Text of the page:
Two Boys Kissing

Page 10


Just the thing.
Another hour has passed, and Harry and Craig remain in their kiss. More people gather. Mr. Nichol, a science teacher, takes over for Ms. Luna. There are now two thousand people on the live feed. Tariq hands Harry and Craig their phones, so they can tweet and respond to the comments on the feed. Already it’s gone global. People in Germany are sending in encouragement; a boy in Helsinki has made a sign that reads GO KISSERS, GO! Some of the g*y blogs have picked up on what’s happening. Word is spreading.
Harry loves responding to the comments. But mostly he’s concerned that his feet are starting to hurt, and it’s only been four hours. He leans on Craig and shakes them out. Then the sun starts to hit, and he shapes his hand into a U, so Smita will come and hold an umbrella over his back, making sure not to get in the way of the camera. (There are backups from other angles, but everyone feels it’s important that the primary feed should only be blocked in emergencies.) He and Craig are both wearing old-people socks, to try to keep the blood flowing in their feet. But the bottom line is that being upright for a long time is not how the body is supposed to work. Already he feels like he’s at a standing-room-only concert and there have been seven opening acts.
The song “Dream a Little Dream of Me” comes on Tariq’s playlist, which makes Harry think of the movie Beautiful Thing, as Tariq no doubt knew it would. Harry can feel Craig smile under his lips, and knows he must be sharing the same thought. As confirmation, Harry feels Craig’s finger on his back, tracing the letter B, then T. They start to shuffle and slow-dance. It feels good to move their legs. Smita steps back with the umbrella, and Tariq steps in and starts to dance with her. Mr. and Mrs. Ramirez step in as well. Other people look like they want to join in, but Rachel, watching the cameras, tells them they need to keep clear, not get in the way. The police officer who’s been assigned to watch over things offers to get some caution tape—Rachel says that might be a good idea, but asks if there’s any way it can avoid saying caution. The officer says she’ll see what she can do.
It feels so good to Harry to be dancing. It makes him so happy to see his parents smiling as they sway. He wants to sing along, but knows he can’t. He holds Craig lightly, and they glide in a slow circle. Craig’s eyes are closed, Harry’s are opened.
Which is how Harry sees her first.
Craig feels Harry stop. He feels Harry clasp him tighter. He traces a question mark on Harry’s back. But there’s no way for Harry to respond. He only kisses Craig closer, puts his hand on the back of Craig’s neck, warning him to stay focused, warning him not to turn.
Then Craig hears it. His name. His mother’s voice. His name.
We all turn to her. She is a small woman, who until ten minutes ago thought Craig was on a camping trip for the weekend. She looks more confused than angry, and we wish there were a way that we could explain it to her. We want to pull her aside and tell her everything we know, everything our mothers did wrong, everything our mothers did right. Your son is alive, we want to tell her. Your son is living.
She doesn’t understand why he isn’t answering. She doesn’t understand why he goes on kissing this other boy even though she is standing right behind him, saying his name.
“Mrs. Meehan called me and started to talk to me, and I had no idea what she was talking about.…”
Craig wants to turn around. He wants to try to explain. But he feels Harry’s hand on the back of his neck. He remembers why he’s here. They are already too far along. He can’t reset it.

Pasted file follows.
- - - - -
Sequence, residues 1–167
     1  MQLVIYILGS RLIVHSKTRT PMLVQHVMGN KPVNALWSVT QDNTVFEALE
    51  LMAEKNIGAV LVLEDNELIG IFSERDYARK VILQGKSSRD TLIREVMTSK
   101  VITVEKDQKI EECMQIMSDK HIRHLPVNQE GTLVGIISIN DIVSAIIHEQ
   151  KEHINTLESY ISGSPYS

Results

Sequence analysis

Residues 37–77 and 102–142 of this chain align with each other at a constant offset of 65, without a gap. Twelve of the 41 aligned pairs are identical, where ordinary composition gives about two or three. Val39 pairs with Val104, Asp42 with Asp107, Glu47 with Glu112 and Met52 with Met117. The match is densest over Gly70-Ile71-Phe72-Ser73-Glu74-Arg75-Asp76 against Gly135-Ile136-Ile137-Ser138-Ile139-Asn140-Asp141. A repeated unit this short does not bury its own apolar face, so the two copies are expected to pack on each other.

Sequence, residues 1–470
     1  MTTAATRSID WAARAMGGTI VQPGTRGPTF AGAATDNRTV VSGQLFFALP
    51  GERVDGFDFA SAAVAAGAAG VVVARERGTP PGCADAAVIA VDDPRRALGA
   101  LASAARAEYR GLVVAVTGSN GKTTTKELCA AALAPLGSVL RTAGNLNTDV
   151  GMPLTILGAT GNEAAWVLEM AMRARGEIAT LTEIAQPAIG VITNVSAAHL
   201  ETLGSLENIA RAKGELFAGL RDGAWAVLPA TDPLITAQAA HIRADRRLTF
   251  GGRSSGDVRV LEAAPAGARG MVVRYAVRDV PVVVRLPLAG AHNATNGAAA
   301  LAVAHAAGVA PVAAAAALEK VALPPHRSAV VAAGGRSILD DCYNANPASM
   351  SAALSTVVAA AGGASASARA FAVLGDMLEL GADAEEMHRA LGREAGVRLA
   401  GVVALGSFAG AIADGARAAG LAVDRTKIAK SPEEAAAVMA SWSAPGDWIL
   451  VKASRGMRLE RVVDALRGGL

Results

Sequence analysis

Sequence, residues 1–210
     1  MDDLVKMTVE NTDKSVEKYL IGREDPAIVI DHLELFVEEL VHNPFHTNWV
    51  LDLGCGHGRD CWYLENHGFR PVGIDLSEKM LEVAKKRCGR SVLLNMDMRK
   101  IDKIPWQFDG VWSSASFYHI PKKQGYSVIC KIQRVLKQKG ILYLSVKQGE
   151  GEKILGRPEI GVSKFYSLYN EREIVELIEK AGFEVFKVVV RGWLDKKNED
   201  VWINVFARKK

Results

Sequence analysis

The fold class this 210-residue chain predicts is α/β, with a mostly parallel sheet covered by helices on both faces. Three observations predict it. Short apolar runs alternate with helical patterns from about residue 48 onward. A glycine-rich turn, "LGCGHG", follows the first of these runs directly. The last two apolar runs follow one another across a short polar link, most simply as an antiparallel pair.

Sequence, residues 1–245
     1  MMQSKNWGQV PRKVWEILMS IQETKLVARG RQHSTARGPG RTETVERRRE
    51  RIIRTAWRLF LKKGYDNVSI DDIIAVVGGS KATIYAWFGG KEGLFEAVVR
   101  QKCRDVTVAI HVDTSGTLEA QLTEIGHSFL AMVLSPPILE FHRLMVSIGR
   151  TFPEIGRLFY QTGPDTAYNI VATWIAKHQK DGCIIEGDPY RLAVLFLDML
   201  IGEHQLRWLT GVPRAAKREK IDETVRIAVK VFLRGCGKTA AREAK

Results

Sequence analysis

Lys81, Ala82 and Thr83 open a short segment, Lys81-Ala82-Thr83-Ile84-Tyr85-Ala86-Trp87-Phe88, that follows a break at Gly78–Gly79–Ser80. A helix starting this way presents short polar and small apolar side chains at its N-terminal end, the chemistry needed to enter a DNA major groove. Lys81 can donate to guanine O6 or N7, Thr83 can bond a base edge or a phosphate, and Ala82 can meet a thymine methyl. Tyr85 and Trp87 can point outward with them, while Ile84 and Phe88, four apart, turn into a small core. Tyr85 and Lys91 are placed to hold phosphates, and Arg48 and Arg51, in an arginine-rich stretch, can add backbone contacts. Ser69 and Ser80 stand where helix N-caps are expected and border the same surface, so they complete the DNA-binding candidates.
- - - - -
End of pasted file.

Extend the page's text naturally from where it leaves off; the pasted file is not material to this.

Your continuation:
His mother’s voice is cracking.
It’s Smita who steps forward. She lets go of the umbrella and walks over to Craig’s mother.
“He can’t say anything,” she says. “They have to keep kissing.”
Craig’s mother knows Smita. She’s known Smita for a long time. Smita is the only thing that makes sense to her now. It’s only vaguely that she understands the crowd, understands the cameras.
“What’s happening?” she asks, her voice the thinnest of lines.
This was not the way she was supposed to find out. Craig feels the tears starting in his eyes. He tries to stop them. But it’s too much. They leak down his cheeks. Harry holds on. Craig shudders, and Harry presses his mouth closer. This was not how it was supposed to be. He’d imagined telling them after. Somehow, he believed it could be kept a secret until it was over. He’d have this big accomplishment, and then he could tell them. He imagined gathering them in the den, sitting his parents and his brothers down on the couch while he stood in front of them and told them, like when he was little and he’d put on one-man shows for them right before bed—and whatever happened, they wouldn’t be able to take anything away from him, they wouldn’t be able to erase anything he’d done.
But he wasn’t thinking about them. About what it would be like to be in that audience. He realizes it with such shock. He wasn’t thinking about them at all. Few of us did. It was our revelation. Our event. How could we know that they had a right to feel things, too? They had no right to deny us. But they had every right to feel things.
He gets this all from the sound of her voice. The way she’s said his name.
Harry’s parents have never met Craig’s parents. Harry’s mother comes over to Craig’s mother now and introduces herself. She and Smita try to tell her what’s happening. They tell her about the world record. Tell her what Craig and Harry are trying to achieve.
“But I don’t understand,” Craig’s mother says, crying now, too. “I don’t understand.”
Craig can’t bear it. He opens his eyes, looks over to Tariq, who has tears in his own eyes. He mimes writing. Tariq scrambles for a marker and some paper. He runs it over to Craig. All the things Craig has to say boil down to the essential. It’s the thing that neither Smita nor Mrs. Ramirez can say. It’s within everything they’re saying, but they can’t unfold it for Craig’s mother, can’t spell out the foundation.